Condensation happens when the outside of the lens is cooler than inside the lens. When you drive around with lights on for a few hours, the bulbs warm the air inside the headlight lens. The same thing could happen when the headlights sit out in the sun all day.
So now the air inside the headlights is warm. If you turn your lights off or pull your vehicle into the shade, there will be a large temperature difference between outside and inside the lens. The cool air wants inside and it begins to sneak into the tiny vents that are found on most headlights. When that cool air meets with the warm, condensation is formed. That happens on the warm side of the lens, so you have got a little layer of moisture on the inside of the headlight lens.
Condensation is a naturally occurring condition that can affect any light. It does not suggest a defect in a product, as opposed to what happens when a leak occurs, in which case there is water ingress that could lead to a system failure. The explanation contained herein is intended to help end users differentiate between these two conditions so they understand what, if anything, needs to be done.
|Condensation is the change of water from a gaseous form (vapor) into liquid water. It appears as small droplets of moisture inside the light.||Water ingress describes water that leaks into the light, manifesting itself as large droplets and pooling of water that is clearly visible.|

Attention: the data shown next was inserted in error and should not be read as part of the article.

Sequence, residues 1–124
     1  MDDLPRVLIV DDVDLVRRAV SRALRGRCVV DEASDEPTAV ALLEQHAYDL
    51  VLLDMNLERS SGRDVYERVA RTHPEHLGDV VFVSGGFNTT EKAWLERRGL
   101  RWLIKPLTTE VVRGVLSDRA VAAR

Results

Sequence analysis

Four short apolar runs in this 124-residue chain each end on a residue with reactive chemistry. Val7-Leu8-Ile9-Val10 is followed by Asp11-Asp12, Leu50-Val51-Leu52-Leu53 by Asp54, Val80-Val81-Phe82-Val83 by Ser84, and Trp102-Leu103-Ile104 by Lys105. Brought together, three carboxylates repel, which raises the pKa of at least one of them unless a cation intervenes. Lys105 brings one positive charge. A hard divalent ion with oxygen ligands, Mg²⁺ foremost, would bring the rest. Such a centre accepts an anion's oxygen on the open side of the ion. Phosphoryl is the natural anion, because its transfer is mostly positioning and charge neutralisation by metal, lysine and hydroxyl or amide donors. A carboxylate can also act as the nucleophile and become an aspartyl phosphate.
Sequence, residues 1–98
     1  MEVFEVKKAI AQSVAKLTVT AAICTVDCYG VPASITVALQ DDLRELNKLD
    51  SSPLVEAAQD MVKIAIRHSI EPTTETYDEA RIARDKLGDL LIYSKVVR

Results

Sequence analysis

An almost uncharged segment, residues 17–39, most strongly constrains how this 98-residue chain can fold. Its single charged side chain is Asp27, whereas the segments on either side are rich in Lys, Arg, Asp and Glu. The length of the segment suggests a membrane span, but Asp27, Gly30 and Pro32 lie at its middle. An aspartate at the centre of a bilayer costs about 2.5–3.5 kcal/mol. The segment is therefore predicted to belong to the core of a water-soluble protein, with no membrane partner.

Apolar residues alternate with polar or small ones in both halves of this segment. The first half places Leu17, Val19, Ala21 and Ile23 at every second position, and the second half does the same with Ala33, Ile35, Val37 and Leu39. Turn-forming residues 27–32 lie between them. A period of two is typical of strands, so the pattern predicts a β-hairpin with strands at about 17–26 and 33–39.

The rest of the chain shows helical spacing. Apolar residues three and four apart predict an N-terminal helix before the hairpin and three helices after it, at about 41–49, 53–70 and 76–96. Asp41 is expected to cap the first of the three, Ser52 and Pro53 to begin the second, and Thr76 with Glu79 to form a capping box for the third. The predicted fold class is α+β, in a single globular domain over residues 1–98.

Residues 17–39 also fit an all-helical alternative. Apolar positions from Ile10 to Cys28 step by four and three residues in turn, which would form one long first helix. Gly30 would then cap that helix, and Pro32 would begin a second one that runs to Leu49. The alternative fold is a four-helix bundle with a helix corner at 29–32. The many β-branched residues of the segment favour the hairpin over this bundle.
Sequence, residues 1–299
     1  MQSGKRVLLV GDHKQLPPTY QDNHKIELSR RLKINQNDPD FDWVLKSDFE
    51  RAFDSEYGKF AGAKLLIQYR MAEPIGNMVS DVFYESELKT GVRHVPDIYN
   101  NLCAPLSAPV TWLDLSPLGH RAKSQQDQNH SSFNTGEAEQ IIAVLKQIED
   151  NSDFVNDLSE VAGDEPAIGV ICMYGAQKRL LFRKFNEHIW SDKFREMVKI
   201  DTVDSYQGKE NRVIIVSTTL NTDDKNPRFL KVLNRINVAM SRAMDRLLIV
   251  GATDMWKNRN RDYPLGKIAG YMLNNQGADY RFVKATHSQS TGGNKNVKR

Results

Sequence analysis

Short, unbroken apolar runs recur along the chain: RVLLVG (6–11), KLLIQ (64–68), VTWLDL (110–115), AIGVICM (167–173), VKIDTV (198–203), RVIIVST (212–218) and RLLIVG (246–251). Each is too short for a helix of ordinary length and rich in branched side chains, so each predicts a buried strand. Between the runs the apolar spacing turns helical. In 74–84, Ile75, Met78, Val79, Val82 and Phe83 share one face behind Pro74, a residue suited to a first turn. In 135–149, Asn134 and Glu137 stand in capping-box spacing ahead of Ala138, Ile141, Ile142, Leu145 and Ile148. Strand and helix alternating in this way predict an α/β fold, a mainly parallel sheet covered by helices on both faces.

|Condensation does not cause a problem with normal operation of the light and is, therefore, NOT considered to be a defect or warrantable condition.
In fact, Eagle Lights are designed to allow moisture to escape and not reenter, but it takes time for the moisture to evaporate (the amount of time will depend upon whether or not the light is turned on or not).
|Sources of water ingress can vary. If a light suffers water ingress as the result of physical abuse and/or misuse, it would not constitute a manufacturing defect.
Otherwise, water ingress caused by a defect in workmanship is a warrantable item. In this event, please contact the dealer who supplied the product to schedule a return.
Virtually all lights are prone to condensate due to the following events: Air is trapped inside a lamp when manufactured Plastic parts used in lights naturally absorb moisture in the air As the light heats up these plastics parts release moisture that mixes with air.
Moisture attaches itself to the coolest part of the lamp, e.g. the lens Halogen lamps tend to run hot so the moisture evaporates more quickly LED lights produce less heat so moisture takes longer to evaporate, so it can be more noticeable